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Painting is something I enjoy. If the weather is good I will take paints and paper and walk to a place outside; if it is raining, I’ll paint in the studio, from memory.

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Painting gives me two things: an exploration of mark making and materials – in this case paint and paper; and it gives me the opportunity to consider something that is becoming increasingly important when I make work – that ambiguous space between an experience and how I may evoke it, either immediately or later. These ideas feed each other as I paint.

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A painting comes from my manipulation of materials to exploit their specific properties. How does paint move around paper? What tools should I use to move it around? What marks can I make? How much water should I use? It is a process that is largely intuitive and each time I squeeze paint onto a palette and pick up a paint brush something different happens. What I discover whilst working with these materials feeds the expression of the image that appears on the paper.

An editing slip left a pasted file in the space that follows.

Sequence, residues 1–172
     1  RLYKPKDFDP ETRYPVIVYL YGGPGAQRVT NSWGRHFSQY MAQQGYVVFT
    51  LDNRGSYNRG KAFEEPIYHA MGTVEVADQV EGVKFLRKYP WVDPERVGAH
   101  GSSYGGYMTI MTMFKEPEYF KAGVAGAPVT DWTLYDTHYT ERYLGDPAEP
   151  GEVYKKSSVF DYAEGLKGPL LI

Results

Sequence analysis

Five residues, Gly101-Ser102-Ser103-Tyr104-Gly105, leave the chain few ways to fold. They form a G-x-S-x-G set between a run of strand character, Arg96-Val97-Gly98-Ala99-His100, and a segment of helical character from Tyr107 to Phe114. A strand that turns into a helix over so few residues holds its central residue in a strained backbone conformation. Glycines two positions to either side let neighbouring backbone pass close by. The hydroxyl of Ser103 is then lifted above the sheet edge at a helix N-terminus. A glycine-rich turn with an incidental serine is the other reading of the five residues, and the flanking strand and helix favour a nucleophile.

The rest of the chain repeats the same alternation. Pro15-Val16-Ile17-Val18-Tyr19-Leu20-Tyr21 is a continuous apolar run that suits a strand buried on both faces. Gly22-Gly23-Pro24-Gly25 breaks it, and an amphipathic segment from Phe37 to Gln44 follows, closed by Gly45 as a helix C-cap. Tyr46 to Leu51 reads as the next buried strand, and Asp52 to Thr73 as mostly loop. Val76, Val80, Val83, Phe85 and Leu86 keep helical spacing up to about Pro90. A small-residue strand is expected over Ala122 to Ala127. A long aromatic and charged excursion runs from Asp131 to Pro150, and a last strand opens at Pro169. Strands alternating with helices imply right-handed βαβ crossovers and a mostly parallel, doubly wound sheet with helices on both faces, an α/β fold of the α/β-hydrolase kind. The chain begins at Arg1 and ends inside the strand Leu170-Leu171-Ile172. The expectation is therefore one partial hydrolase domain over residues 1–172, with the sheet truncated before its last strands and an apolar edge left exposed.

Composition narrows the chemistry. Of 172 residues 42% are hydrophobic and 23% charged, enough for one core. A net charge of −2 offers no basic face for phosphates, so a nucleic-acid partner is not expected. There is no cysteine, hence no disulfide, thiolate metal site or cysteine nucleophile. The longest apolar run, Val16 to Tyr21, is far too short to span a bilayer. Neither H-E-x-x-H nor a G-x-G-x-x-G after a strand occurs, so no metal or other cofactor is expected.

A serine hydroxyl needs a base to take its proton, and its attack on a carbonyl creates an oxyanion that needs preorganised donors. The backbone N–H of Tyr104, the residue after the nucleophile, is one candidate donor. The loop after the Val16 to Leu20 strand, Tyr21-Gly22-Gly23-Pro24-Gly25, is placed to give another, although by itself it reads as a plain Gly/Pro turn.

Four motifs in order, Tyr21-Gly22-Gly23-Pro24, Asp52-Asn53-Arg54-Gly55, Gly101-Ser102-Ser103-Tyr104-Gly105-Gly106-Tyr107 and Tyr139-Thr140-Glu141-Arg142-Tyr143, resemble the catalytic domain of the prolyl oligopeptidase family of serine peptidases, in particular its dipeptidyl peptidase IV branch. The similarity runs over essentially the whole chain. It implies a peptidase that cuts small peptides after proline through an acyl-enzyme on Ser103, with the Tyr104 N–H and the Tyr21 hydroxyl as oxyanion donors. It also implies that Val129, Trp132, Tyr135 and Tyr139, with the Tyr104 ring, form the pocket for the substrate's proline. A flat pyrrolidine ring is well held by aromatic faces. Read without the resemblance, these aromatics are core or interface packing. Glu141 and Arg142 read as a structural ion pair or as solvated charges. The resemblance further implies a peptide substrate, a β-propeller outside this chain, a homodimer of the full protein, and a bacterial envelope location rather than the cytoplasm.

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These paintings were made in the studio and come from my memory. I find I am increasingly making work from the memory of an experience: the remembered sensation of seeing, of hearing, of touching that constitutes a moment of being in the world. These paintings explore that space between the original experience and how I might evoke it here and now.